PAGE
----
Many young people making high salaries still say they feel broke. A “Henry,” short for “high earners not rich yet,” is someone who lives an extravagant lifestyle combined with their student loans has very little money left over. These “working rich” place a strong emphasis on travel, and often limit their spending on food and clothing in order to afford luxury trips. While many have a desire to get their finances in order, very few take appropriate actions to do so.
Henrys are characterized by a higher-than-average income, little or no savings, and a feeling of low material wealth. Most of their earnings go toward current living expenses rather than building wealth with investments.
For additional information on high earners not rich yet, click here.
- Have students conduct online research to determine various financial attitudes and behaviors of people in different age categories and life situations.
- Have students prepare a video that recommending actions to the people described in the article.
- What factors might be influencing the financial activities of the people described in the article?
- Describe possible financial concerns associated with these financial attitudes and behaviors, and recommend corrective actions that might be taken.
Kakeibo, pronounced “kah-keh-boh” and translates as “household financial ledger,” is a method used in Japan for managing personal finances. For over 100 years, this system has helped people make smarter money decisions.
Similar to other budgeting systems, kakeibo is designed to help you understand your relationship with money by recording all financial inflows and outflows. As proven by research, this recordkeeping method emphasizes physically writing your financial activities making you more aware of bad money habits. Kakeibo can help you become completely honest about your spending with the use of four categories: (1) needs, (2) wants, (3) culture, such as books and museum visits, and (4) unexpected – medical expenses or car repairs.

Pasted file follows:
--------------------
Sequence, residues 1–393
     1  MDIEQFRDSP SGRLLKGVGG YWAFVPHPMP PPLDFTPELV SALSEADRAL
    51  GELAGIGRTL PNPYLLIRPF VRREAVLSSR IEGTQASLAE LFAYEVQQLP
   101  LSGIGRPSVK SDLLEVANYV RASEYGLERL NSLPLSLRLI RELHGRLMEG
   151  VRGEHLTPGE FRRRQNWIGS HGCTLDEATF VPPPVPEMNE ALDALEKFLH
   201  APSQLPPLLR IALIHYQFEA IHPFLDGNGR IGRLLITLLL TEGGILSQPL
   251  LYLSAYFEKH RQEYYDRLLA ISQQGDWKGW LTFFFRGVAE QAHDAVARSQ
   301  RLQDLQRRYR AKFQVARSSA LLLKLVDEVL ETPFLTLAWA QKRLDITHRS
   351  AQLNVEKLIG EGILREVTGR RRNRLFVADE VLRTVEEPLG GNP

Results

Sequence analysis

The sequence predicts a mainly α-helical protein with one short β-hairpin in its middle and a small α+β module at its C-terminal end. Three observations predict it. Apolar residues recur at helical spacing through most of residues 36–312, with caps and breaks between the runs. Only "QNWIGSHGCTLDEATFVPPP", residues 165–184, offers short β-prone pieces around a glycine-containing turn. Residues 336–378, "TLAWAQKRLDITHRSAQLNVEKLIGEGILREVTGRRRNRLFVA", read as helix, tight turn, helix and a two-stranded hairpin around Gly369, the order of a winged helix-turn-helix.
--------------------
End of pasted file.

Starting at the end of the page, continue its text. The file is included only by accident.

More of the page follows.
Kakeibo encourages you to ask yourself these questions before buying any non-essential items, or things you buy on impulse:
- Can I live without this item?
- Based on my financial situation, can I afford it?
- Will I actually use it? Do I have the space for it?
- How did I come across it in the first place? (Did I see it in a magazine? Did I come across it after wandering into a gift shop out of boredom?)
- What is my emotional state in general today? (Calm? Stressed? Celebratory? Feeling bad?)
- How do I feel about buying it? (Happy? Excited? Indifferent? And how long will this feeling last?)
In addition, to spend more mindfully, Kakeibo recommends that you:
- Leave the item for 24 hours.
- Don’t let major “sales” tempt you.
- Check your bank balance regularly.
- Spend in cash.
- Put reminders in your wallet – use a sticker: “Do you REALLY need this?!”
- Change the environments that cause you to spend.
For additional information on kakeibo, go to:
- Have students conduct a survey to determine reactions to this budgeting system among people in different age categories and life situations.
- Have students prepare a visual summary of some of the characteristics of the budgeting system.
- What elements of this budgeting system might people find beneficial? What are possible drawbacks?
- If you were to implement this system for your life, which actions would you select to do first?
Many personal finance reports are published with advice that may not provide the best guidance. In an effort to avoid buzzwords and troubling phrases, consider these suggestions:
- determine who conducted the research; a company may sponsor a study that lacks the rigor of academic or government researchers.
- be wary of research that reports feelings or predictions rather than actual behaviors and actions of respondents.
- consider the number of people in the study and how the respondents were selected.
- avoid generalizations that about a certain age group, such as Millennials, Baby Boomers, or Generation X.
Don’t revise your money management activities based on some survey or research report. If your current actions are working, then you are on the correct path.
For additional information on avoiding personal finance nonsense, click here.
- Have students conduct online research to locate a recent personal finance study to evaluate the validity of the advice offered in the report.
- Have students create a video presentation reporting both valid and nonsense personal finance advice.
- What problems could occur if a person uses inappropriate financial advice?
- In addition to the suggestions in the article, what actions might a person take to determine the validity of personal finance advice?
When considering a career change, the following financial suggestions are offered:
- have an appropriate amount of savings for unexpected expenses during the transition.
- create a budget to live frugally; cut living costs to be prepared for sudden expenses.
- reassess your investment portfolio to reduce risk exposure and possibly eliminate fees.
- seek advice from a financial advisor.
- determine how a career switch might impact your ability to save.